A new study in the journal Nature Communications reveals that men with higher levels of testosterone are more likely to spend on luxury goods perceived to be status symbols. Describing the primal nature of men trying to assert dominance, one co-author said, “Our weapons are what we wear, drive, and live in rather than claws, fists, and muscles.” The study involved 243 men between the ages of 18 and 55, half of which received a testosterone gel that apparently piqued their interest in the luxury brands presented to them.
The decision to cast the actress as real-life trans crime boss Dante “Tex” Gill in the mafia drama Rub & Tug has been panned for perceived insensitivity. Johansson was previously slammed for playing a character usually portrayed as Asian in Ghost in the Shell by the same director. “I wouldn’t be as upset if I was getting in the same rooms as Jennifer Lawrence and Scarlett for cis roles,” tweeted transgender actress Trace Lysette. Johansson’s representative suggested critics be “directed to Jeffrey Tambor, Jared Leto, and Felicity Huffman’s reps for comment.”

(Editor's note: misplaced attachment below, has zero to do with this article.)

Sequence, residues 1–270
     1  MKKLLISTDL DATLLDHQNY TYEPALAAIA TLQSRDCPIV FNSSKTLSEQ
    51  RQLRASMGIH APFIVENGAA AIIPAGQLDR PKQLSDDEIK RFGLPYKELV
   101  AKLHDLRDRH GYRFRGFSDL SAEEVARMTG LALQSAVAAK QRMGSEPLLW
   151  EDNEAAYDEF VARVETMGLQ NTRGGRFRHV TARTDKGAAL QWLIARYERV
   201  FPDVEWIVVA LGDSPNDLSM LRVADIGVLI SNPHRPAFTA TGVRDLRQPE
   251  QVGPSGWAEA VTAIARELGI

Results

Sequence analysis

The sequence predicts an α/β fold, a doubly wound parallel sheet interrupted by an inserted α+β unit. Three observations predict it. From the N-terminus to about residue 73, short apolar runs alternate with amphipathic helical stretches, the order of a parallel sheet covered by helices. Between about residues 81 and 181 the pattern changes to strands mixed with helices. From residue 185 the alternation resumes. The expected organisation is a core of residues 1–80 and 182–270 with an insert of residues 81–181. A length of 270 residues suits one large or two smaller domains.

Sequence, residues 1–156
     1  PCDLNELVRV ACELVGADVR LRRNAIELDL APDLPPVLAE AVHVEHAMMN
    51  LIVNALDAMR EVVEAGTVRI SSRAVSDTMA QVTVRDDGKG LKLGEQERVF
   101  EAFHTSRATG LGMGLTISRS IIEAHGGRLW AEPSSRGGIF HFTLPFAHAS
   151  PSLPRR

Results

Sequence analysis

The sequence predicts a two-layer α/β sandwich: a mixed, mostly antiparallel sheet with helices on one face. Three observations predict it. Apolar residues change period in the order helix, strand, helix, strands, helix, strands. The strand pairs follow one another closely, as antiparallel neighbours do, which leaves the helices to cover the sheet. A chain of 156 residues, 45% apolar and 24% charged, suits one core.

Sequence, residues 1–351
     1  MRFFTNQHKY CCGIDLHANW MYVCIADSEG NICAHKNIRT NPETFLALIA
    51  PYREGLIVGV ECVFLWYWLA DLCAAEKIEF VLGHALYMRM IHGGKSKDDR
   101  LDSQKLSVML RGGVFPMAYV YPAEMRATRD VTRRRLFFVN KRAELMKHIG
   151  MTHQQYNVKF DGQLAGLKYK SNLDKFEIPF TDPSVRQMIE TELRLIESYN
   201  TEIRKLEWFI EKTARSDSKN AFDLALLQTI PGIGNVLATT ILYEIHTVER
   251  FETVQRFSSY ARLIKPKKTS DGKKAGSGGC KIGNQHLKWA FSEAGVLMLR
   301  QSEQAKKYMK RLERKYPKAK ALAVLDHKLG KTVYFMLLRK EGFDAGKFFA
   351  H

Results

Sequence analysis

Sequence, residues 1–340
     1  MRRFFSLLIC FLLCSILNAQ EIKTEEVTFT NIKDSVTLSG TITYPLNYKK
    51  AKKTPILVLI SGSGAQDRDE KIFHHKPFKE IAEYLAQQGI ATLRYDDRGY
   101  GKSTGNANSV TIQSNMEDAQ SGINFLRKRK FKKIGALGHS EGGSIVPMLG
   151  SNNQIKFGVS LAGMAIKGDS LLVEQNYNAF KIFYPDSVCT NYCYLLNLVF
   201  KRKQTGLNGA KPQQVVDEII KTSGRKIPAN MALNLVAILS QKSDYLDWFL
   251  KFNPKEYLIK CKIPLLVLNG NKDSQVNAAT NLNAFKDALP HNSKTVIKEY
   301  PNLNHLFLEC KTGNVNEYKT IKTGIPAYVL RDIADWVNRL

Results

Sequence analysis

Nicknamed “Jaws,” Chestnut inhaled 74 hot dogs plus buns in just 10 minutes at the annual Nathan’s Hot Dog Eating Contest on New York’s Coney Island. The victory is Chestnut’s 11th in 12 years — and third in a row — and racked up a whopping 22,200 calories and 1,332 grams of fat. He won $10,000 for his effort. Meanwhile, Miki Sudo ate 37 hot dogs to win the women’s event for the fifth consecutive year, leading commentators to compare the two to sports dynasties like the NBA’s Golden State Warriors.